Wildlife gardeners often focus on attracting birds, bees and amphibians into their gardens but ‘Hedgehog Street’ highlights another visitor that every gardener should welcome. The garden, created by the People’s Trust for Endangered Species and the British Hedgehog Preservation Society, shows how urban gardeners can do their bit to help this much-loved but endangered British mammal. The gold-medal winning garden depicts three neighbouring gardens, each differently styled but whose owners have got together to incorporate hedgehog-friendly features, the main one being a 13cm square ‘hog hole’ in the boundary fences at ground level, to enable hedgehogs to roam freely (they can range over a mile each night). Other features include a shallow pond with escape route, a covered feeding station and a hedgehog home, as well as a cherry tree (hogs love eating fallen fruit). Visitors who pledge to make a ‘hole for hogs’ can visit www.hedggehogstreet.org to add theirs to a national map currently being created.
‘A Space to Connect and Grow’ is a community-minded garden designed by Jeni Cairns and Sophie Antonelli for arts organisation Metal. The garden – which after the show will transform an underused urban space in Peterborough, into a living environment for artists and the wider community – features oil drums recycled into insect hotels and planters for edibles, while the eye-catching orange water feature enjoyed a former life as a conveyor belt.The sunny planting scheme is zoned into different areas for herbs and edibles, featuring chamomile, thyme and lavender as well as garlic, courgettes, chard and beetroot; birch trees add height and shade. A floral green roof shades the raised seating area with its convivial trestle table and oil drum stools – a space that will also double as a performance area in its future life.
Located on the far side of the Long Water, the Floral Marquee is a prime destination for undiluted plant inspiration. Pushed-for-space urban gardeners might want to check out the displays of Bonsai trees – the ultimate test of plant management and great focal points in any display. For those with only a window sill at their disposal, cacti make great subjects and come in a surprisingly large range of shapes and sizes, as the displays by Craig House Cacti and Southfield Nurseries reveal. Alpines too make good container displays – the one by D’Arcy & Everest is worth checking out – and one of the joys of Hampton Court is that if a plant takes your fancy, there is usually the opportunity to buy it there and then from the relevant nursery’s stock. Containerised grasses can add movement and sound to balcony gardens, as shown in the Oak Tree Nursery display, while for those after the elusive well-behaved small tree, acers are hard to beat. Agapanthus – widely used in many of this year’s show gardens – positively relish living in pots and Pennard Plants’ jaunty seaside-themed display showed them off to good advantage.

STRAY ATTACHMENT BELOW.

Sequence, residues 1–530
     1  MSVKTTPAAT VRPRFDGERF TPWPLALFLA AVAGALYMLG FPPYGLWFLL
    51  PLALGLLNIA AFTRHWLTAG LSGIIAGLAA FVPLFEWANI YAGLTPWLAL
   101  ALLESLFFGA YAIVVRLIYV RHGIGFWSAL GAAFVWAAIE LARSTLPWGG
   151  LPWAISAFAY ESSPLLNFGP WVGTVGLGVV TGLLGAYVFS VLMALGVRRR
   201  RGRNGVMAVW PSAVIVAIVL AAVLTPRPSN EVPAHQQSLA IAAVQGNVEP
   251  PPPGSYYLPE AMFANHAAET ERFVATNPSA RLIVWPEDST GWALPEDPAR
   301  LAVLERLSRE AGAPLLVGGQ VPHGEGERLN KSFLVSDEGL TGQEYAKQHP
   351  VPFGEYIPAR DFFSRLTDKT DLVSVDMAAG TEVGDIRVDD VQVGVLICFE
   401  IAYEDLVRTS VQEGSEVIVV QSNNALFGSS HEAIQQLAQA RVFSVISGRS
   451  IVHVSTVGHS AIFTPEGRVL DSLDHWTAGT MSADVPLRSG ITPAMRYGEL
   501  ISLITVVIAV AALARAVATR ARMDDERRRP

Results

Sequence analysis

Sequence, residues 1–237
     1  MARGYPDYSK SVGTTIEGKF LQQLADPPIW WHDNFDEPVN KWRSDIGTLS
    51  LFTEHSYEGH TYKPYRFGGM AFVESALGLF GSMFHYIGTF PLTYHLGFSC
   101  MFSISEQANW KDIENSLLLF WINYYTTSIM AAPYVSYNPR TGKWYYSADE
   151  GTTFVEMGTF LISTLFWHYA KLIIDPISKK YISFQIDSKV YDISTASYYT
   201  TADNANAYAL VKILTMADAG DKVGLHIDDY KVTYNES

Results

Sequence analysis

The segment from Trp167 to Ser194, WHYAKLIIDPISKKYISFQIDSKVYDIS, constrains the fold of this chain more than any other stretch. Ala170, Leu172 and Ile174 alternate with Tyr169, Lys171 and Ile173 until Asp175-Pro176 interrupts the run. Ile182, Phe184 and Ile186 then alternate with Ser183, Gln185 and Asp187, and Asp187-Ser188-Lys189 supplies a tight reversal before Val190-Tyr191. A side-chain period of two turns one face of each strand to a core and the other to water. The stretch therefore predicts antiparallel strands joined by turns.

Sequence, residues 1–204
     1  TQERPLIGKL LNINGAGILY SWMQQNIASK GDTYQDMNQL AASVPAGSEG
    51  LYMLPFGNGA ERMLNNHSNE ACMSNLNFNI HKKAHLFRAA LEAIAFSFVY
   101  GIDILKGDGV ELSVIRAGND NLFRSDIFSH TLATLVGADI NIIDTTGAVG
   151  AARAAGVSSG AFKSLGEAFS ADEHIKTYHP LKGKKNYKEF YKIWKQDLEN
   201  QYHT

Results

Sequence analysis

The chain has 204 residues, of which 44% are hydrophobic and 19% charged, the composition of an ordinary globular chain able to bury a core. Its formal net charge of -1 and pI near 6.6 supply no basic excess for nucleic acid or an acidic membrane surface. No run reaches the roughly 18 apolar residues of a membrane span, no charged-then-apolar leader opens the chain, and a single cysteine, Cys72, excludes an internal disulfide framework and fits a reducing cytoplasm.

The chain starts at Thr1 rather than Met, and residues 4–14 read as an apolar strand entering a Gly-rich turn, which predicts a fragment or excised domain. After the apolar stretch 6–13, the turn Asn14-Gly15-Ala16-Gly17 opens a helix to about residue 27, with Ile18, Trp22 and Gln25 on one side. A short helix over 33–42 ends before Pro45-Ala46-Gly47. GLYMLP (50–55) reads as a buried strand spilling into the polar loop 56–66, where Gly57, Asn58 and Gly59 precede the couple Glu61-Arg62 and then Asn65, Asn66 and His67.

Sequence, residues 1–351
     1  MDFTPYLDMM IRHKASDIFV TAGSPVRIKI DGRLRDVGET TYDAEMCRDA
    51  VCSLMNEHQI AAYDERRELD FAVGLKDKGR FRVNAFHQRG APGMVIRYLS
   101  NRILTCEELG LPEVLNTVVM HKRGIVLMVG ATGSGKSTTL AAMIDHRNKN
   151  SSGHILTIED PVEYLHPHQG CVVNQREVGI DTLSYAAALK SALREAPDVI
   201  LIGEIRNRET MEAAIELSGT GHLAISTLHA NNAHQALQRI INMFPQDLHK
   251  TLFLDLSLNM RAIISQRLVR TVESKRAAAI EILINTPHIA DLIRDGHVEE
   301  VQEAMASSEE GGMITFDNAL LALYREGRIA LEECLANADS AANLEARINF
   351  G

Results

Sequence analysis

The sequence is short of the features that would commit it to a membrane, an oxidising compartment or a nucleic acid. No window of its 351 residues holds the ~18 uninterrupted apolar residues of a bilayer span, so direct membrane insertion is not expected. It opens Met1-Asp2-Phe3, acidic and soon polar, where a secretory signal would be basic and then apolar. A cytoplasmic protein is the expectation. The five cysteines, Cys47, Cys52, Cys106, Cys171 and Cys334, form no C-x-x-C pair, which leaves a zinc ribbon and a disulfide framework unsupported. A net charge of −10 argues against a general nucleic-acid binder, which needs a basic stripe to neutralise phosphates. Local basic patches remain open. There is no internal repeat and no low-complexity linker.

Displays of edible plants might seem low key in comparison to the banks of cascading fuschias and serried ranks of gladioli in the floral displays, but offer tastier rewards for greedy gardeners. London-based seed merchants Franchi Seeds steal the show in the Growing Tastes marquee with their captivating Italian Accordion Garden – which combines the charms of vintage accordions with top notch veg, specially grown for the show by Maureen Chapman in York, using Franchi Seeds. The vigour of varieties such as Tuscan Cavolo Nero kale, lettuce Rossa di Trento and Nero di Milano courgette, testify that Italian varieties – particularly those from Alpine regions – do well in our generally cool climate.
With much focus on relaxing and entertaining in the garden, the trade stands are not short of tempting ideas for lolling around in style from Armadilla pods (www.armadilla.co.uk) to Cocoon hanging havens (www.hang-in-out.com). On the other hand, for gardeners who like to keep themselves busy (and out of the rain), there are several up-market greenhouse manufacturers showcasing the very best in undercover growing. The Alitex exhibit in particular oozes kerb appeal to passers-by with its nostalgic brick and glass greenhouse and pretty planting scheme. With such riches on display it’s hard to go home from Hampton Court Flower Show empty handed, impossible to leave without inspiration.
©Abigail Willis July 2014